Alsace is a popular destination all year round. The delicious and affordable wine, vineyards that stretch right to the peripheries of charming little towns, colourful architecture and hearty cuisine makes the region irresistible. In France, the region is synonymous not only with Gewürztraminer, Pinot Gris and Riesling, but Christmas. Due to the territory changing nationality between France and Germany many times throughout its history, the region has a strong German influence. During the December period, this translates into German-style Christmas markets. Ever since I moved to France I dreamed of spending a Christmas in Alsace. Last year, my dream came true.
Although Strasbourg is the largest and best known of the Christmas markets, we prefer the smaller towns for wandering. Alsatian towns are indeed as pretty as postcards. The colourful timber-framed houses and masses of tasteful Christmas decorations truly lend themselves to a magical ambiance, especially in the early evenings. Take advantage of the affordable wine, usually served to the rim in small glasses with green stems. Look out for wrought iron signs with dangling golden grapes above family owned caves. Watch Kouglofs being made at the local bakery. Eat lots and lots of potatoes covered in strong Munster cheese. Notice the impressive stork nests propped up by metal circles on top of churches and public buildings. Visit castles and take long walks in between the miles and miles of grapevines. Visit Alsace.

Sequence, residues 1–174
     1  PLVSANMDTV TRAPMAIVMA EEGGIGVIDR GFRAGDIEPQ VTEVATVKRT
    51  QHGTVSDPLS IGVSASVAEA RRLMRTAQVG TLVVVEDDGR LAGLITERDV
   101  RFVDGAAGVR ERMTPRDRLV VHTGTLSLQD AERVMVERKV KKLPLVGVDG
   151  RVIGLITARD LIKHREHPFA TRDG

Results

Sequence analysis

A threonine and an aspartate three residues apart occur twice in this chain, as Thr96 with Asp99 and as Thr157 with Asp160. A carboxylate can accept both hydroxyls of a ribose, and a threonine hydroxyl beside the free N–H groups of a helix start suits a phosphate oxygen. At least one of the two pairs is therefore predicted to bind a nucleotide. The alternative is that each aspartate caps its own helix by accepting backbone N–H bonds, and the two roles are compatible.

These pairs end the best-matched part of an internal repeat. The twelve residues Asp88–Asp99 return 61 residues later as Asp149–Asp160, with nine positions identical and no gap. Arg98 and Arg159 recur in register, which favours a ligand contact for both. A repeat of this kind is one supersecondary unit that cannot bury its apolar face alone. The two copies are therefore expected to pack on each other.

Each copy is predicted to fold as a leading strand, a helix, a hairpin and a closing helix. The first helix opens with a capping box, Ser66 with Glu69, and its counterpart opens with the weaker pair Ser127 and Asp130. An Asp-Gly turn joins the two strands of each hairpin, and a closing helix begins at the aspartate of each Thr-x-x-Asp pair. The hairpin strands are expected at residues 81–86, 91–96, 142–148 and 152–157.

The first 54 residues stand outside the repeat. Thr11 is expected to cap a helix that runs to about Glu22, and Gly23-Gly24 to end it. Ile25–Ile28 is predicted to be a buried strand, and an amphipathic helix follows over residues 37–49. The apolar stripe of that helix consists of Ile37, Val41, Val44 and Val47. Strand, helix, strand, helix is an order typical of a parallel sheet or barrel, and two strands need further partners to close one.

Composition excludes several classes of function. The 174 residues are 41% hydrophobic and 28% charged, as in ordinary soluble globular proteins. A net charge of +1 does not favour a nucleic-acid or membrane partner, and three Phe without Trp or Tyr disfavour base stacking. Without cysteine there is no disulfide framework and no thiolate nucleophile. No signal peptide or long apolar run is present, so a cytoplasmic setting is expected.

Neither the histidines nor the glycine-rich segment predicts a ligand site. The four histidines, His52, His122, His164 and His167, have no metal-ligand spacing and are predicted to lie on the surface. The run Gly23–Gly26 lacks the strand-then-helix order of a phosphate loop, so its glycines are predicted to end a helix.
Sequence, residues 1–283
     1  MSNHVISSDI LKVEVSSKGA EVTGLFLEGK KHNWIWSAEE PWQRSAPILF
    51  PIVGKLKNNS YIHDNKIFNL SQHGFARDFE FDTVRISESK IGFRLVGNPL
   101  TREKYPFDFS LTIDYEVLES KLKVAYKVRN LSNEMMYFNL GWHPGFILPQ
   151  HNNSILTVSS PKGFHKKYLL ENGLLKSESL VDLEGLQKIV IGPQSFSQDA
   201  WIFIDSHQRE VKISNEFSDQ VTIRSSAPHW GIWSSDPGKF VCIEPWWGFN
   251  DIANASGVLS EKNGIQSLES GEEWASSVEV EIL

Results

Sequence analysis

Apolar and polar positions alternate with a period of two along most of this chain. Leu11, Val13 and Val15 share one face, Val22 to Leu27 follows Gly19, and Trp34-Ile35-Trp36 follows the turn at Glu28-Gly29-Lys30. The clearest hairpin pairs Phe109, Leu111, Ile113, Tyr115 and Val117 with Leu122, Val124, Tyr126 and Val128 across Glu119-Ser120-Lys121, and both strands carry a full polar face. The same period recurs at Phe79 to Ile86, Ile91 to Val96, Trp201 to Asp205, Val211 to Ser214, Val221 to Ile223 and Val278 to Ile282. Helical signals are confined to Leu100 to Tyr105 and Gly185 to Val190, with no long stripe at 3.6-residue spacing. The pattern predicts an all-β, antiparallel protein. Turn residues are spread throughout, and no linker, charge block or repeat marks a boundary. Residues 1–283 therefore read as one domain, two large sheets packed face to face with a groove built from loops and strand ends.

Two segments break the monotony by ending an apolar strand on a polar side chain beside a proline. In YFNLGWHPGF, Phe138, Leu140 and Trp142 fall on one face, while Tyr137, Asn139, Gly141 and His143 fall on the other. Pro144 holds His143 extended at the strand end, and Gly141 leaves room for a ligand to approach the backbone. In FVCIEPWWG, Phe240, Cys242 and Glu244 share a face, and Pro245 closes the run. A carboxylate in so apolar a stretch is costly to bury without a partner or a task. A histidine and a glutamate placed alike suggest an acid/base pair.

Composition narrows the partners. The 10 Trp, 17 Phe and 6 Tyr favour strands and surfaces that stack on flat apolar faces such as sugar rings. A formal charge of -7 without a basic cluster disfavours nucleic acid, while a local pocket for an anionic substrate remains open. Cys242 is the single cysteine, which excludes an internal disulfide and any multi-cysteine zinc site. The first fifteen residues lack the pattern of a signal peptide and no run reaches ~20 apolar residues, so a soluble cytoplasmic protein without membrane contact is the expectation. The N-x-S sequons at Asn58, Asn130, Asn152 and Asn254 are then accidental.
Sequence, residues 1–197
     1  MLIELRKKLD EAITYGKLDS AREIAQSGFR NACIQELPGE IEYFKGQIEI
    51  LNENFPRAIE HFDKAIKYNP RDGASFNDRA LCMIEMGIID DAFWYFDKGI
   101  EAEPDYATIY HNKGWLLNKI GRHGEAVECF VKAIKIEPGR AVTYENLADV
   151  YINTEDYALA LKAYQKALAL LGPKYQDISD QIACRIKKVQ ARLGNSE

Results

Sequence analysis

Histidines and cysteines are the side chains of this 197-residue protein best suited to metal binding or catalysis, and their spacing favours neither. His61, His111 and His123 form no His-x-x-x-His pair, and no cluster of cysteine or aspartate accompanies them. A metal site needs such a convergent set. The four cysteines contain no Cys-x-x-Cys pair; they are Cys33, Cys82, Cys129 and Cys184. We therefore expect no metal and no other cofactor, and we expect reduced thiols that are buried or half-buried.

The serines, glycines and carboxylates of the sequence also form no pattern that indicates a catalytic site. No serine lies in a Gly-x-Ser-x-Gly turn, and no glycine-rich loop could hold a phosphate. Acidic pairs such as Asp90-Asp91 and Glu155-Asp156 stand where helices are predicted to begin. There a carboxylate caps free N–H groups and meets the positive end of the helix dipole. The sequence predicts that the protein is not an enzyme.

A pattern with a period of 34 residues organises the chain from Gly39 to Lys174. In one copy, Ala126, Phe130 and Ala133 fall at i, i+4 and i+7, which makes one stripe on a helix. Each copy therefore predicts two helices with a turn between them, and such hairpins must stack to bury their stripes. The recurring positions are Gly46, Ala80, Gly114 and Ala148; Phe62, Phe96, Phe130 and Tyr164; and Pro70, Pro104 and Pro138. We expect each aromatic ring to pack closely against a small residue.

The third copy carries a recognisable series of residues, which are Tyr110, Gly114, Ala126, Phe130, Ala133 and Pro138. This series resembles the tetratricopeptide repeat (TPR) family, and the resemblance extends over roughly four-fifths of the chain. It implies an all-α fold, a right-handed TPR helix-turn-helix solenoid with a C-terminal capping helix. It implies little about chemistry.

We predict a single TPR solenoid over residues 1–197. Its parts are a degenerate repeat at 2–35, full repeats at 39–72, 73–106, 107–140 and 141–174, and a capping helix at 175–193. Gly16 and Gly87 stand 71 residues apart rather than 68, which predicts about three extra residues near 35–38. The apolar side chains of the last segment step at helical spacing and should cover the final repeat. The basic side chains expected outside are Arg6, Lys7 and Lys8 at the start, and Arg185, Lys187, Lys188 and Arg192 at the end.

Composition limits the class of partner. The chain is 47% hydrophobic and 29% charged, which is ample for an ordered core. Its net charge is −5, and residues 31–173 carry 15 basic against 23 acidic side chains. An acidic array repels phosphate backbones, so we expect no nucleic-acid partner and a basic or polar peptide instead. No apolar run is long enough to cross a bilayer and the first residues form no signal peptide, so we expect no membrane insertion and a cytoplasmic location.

5 Villages to Visit in Alsace
All the villages in this list are dangerous if you love wine but none more so than Riquewihr. This town does indeed get quite busy during the holiday periods but as it’s so pretty, it really doesn’t bother me. Despite the tourist influx, Riquewihr has stuck to its roots when it comes to wine. All along the main street, you’ll find cave (wine shop) after cave of family-owned vineyards. I dare you to try a glass in all of them! We certainly made a good effort.